Using Custom Loss for Maximizing Score in PyTorch

Loss_Function/Maximize_Function/Score_Function, CustomLoss, pytorch. Using Custom Loss for Maximizing Score in PyTorch

I’m using a PyTorch model with an LSTM input layer, a linear hidden layer, and 3 neurons in the output layer with a softmax activation function.

Instead of using a loss function (such as nn.MSELoss()) and passing the model’s prediction and its target (loss = criterion(predictions, target)), I would like to use a custom scoring function that I’ve created. This scoring function is represented as score = get_score(predictions), which implies a concept similar to maximizing (predictions, score).

However, since I don’t possess a target for each input value of the model, the model would be evaluated based on its score (which is a single number). It appears that considering a single value as a basis for assessing a set of predictions across the entire dataset might not be valid.

Is something like this possible? The times I’ve attempted it, I often encounter an error during the ‘loss’.backward() phase, as it fails to trace the necessary gradients for backpropagation.

I didn’t put the code because it’s a very big code, but I’ll make a simple example.

class Model_123(nn.Module):
    def __init__(self):
        self.linear1 = nn.Linear(10, 3)

    def forward(self, x):
        out = self.linear1(x)
        out = F.softmax(out, dim=1)
        return out 

dataset = torch.randn(10, 10)
model = Model_123()

custom_loss_score = CustomLoss_Score()  # This is what I want to figure out
for epoch in range(epochs):

    predictions = model(dataset)
    score = random.uniform(0, 100)

    # Random score just for demonstration, but it would be calculated based on the model's actions.
    # Using torch.argmax on the predictions made by the model for that input value.
    # This gives me a success rate, where correctly predicting action 0 or action 1 gets +1,
    # while action 2 means doing nothing. In a situation where the model correctly predicts only one action,
    # between actions 0 and 1, and everything else is action 2, leading to a 100% success rate.
    # This scenario is not good as there's no criteria; it just guessed one action and got 100% score.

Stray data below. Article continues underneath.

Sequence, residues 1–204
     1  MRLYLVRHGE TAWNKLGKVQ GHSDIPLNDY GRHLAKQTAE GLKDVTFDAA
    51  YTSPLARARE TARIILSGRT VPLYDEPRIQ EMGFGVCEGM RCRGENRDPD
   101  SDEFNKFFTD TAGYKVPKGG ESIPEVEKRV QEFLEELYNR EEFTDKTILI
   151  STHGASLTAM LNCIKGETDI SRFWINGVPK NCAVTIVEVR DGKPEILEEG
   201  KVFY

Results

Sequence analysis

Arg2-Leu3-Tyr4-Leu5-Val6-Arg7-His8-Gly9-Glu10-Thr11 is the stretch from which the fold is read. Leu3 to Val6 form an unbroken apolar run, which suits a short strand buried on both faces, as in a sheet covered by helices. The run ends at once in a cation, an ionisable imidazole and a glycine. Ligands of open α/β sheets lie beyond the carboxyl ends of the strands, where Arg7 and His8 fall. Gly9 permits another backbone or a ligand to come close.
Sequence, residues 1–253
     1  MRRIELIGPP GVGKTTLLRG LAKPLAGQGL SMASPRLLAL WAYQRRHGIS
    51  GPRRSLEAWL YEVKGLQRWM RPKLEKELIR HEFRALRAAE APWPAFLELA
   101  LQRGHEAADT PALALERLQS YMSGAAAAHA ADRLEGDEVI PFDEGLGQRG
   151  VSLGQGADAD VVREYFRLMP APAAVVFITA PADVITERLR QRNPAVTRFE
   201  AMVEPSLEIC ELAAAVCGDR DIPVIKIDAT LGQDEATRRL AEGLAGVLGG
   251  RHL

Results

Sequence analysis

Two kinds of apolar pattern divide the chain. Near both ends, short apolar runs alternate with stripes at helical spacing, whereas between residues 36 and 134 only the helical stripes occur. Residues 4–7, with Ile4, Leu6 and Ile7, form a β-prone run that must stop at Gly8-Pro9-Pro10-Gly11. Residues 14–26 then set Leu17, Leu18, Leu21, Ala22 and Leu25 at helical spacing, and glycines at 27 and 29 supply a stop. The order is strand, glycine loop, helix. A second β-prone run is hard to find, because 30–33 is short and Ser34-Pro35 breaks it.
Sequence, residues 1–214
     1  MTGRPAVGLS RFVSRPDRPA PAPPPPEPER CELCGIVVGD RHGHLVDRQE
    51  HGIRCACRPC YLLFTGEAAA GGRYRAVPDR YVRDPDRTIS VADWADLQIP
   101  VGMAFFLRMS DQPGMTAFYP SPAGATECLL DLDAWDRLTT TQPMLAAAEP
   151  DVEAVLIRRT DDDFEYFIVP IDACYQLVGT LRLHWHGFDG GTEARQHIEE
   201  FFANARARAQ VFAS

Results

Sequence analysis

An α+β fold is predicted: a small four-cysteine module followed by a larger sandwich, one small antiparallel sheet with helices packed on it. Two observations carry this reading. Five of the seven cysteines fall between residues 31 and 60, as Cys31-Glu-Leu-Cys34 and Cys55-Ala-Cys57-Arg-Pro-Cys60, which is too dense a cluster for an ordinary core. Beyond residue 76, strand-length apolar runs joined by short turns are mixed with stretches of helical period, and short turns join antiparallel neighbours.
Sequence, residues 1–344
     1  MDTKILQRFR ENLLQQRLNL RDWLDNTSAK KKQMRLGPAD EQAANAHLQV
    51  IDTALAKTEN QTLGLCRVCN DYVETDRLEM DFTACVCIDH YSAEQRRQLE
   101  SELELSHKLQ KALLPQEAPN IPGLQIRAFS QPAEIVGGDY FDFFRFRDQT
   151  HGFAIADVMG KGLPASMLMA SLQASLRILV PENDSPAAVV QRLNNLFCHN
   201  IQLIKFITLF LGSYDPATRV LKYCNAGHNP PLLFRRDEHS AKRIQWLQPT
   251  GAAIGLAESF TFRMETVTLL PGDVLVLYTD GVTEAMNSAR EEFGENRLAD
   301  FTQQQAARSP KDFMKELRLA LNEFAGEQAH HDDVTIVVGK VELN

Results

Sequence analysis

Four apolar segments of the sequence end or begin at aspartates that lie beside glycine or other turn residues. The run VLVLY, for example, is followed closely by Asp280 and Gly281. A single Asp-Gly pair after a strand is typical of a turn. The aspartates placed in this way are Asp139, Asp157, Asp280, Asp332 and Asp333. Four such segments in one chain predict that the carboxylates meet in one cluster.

# It would be better if the model correctly predicted 80% of actions with a 70% operation rate,
    # which would be a better outcome. So, based on the success rate, I create another function
    # to calculate the score, a relation between the success rate and the number of operations performed.
    # This is a much larger code that I haven't included here.

    loss_score = custom_loss_score(predictions, score)  # Maximize the score

This scoring mechanism, represented as score, would ideally be maximized by adjusting the model’s parameters. However, I’m unsure about how to define the CustomLoss_Score() function that would achieve this.

The score is generated based on the model’s actions, and it’s calculated using a relationship between the accuracy rate and the number of operations performed. The intention is to maximize this score rather than minimizing a traditional loss function.

The reason I’m not using Reinforcement Learning is that in this case, I would have to loop through all states (or input data), which takes more time. On the other hand, with supervised learning, I can approach it in a vectorized manner. I’m following this strategy because I’m also utilizing training based on genetic algorithms, which involve multiple individuals (sets of model weights) making predictions on the data. If I were to use Reinforcement Learning, each individual would have to loop through the states, and this would be quite time-consuming, especially with a population size of, for example, 300 individuals.

Hence, I’m employing a training approach based on gradient descent, along with training using genetic algorithms and artificial selection.

When the model seems to be stuck in a particular place, I take the weights from that model and generate a population of individuals. Genetic algorithms can guide the weights to places where gradient descent might struggle, and vice versa. When one approach isn’t yielding improvements, I switch to the other approach.

If the score was created using the models’ parameters and differentiable operations, you should be able to compute the gradients w.r.t. all used parameters during the backward pass. However, I’m currently unsure how exactly score is calculated (in your example it’s unrelated to the model) and what its connection to the model is.